Phil Mickelson among 11 LIV golf players to sue PGA Tour for antitrust violations

Phil Mickelson is among 11 players who joined the LIV Golf Invitational Series who are suing the PGA Tour for violating antitrust laws, with three of them seeking an injunction so they can play in the FedEx Cup playoffs next week.

The players are contesting their suspensions with the PGA Tour, which has issued indefinite suspensions for any player who participated in a LIV Golf event without obtaining a conflicting event release. The lawsuit was filed in the U.S. District Court in Northern California. SI.com obtained a copy of the lawsuit, which was first reported by The Wall Street Journal.

“LIV is paying. They’re supporting us, which is good for once,” Pat Perez said in a text message to SI.com. “I’m glad the big players are behind it.”

The Tour has announced that it will not grant releases for the eight events that will be played this year at the end of May; he has never granted such releases for domestic tournaments played opposite PGA Tour events.

“As part of its carefully orchestrated plan to defeat the competition, the Tour has threatened lifetime bans on players who play even a single LIV golf event,” the lawsuit states. “He backed up these threats by imposing unprecedented suspensions on players (including the claimants) who threaten to cause irreparable harm to players and their ability to practice their profession. He threatened sponsors, vendors and agents of coercing players into giving up opportunities to play in LIV Golf events. And he orchestrated a per se illegal group boycott with the European Tour to deny LIV Golf access to its members.”

Bryson DeChambeau is part of the lawsuit, as are three players – Talor Gooch, Hudson Swafford and Matt Jones – who are seeking a restraining order so they can compete in the playoffs which begin next week at the FedEx St. Jude Invitational and follow with the BMW Championship then the Tour Championship. Gooch is 20 years olde in the FedEx Cup standings, with Jones 62nd and Swafford 63rd, so each would qualify easily.

“The players are right to have brought this action to challenge the PGA’s anti-competitive rules and to assert their rights as independent contractors to play wherever and whenever they choose,” LIV Golf said in a statement. “Despite the PGA Tour’s efforts to stifle competition, we believe golfers should be allowed to play golf.”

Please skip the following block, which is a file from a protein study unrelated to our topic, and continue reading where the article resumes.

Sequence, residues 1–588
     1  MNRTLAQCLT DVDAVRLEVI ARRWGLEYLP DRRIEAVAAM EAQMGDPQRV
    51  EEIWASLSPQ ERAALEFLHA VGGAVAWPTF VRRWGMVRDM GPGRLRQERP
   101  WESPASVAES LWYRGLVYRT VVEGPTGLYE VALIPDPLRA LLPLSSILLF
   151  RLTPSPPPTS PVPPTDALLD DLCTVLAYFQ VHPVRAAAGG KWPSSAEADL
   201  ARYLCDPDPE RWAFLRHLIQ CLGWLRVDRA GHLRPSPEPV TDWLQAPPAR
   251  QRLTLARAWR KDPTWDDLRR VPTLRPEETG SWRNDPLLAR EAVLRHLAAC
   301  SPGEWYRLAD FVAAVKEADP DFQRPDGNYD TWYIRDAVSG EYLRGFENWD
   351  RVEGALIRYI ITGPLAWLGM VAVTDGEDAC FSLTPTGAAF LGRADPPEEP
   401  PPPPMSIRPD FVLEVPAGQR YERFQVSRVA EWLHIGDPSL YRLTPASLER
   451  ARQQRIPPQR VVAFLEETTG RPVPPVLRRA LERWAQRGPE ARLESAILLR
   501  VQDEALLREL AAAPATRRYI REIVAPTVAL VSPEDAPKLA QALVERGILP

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LIV Golf CEO Greg Norman recently told Sports Illustrated that LIV will support players who have chosen to pursue the Tour because of their belief that as independent contractors they should not be banned from playing in LIV Golf events.

Norman has long argued that as independent contractors, players should have the ability to play whenever they want outside of the PGA Tour.

“I always told them we would support you,” Norman said. “I have been open and honest with each of them. We will support them financially with representation because we believe 100% that we are right. You can’t guarantee anything, but the indicators are pointing in that direction.”

PGA Tour commissioner Jay Monahan released a statement Wednesday afternoon in response to the lawsuit.

“Basically these suspended players – who are now employees of the Saudi Golf League – have walked away from the Tour and now want to come back. With the Saudi Golf League on hiatus, they are trying to use lawyers to force their way into the competing alongside our members in good standing. It’s an attempt to use the Tour platform to promote ourselves and take advantage of your benefits,” he said.

Other players taking part in the trial are Abraham Ancer, Carlos Ortiz, Ian Poulter, Pat Perez, Jason Kokrak and Peter Uihlein.

The complaint also reveals that Mickelson – long thought to be suspended by the PGA Tour before his LIV commitment – ​​was suspended on March 23 due to his player recruiting for LIV Golf. The PGA Tour never disclosed this, nor did Mickelson.

This story will be updated as new information becomes available.

Michael C. Ford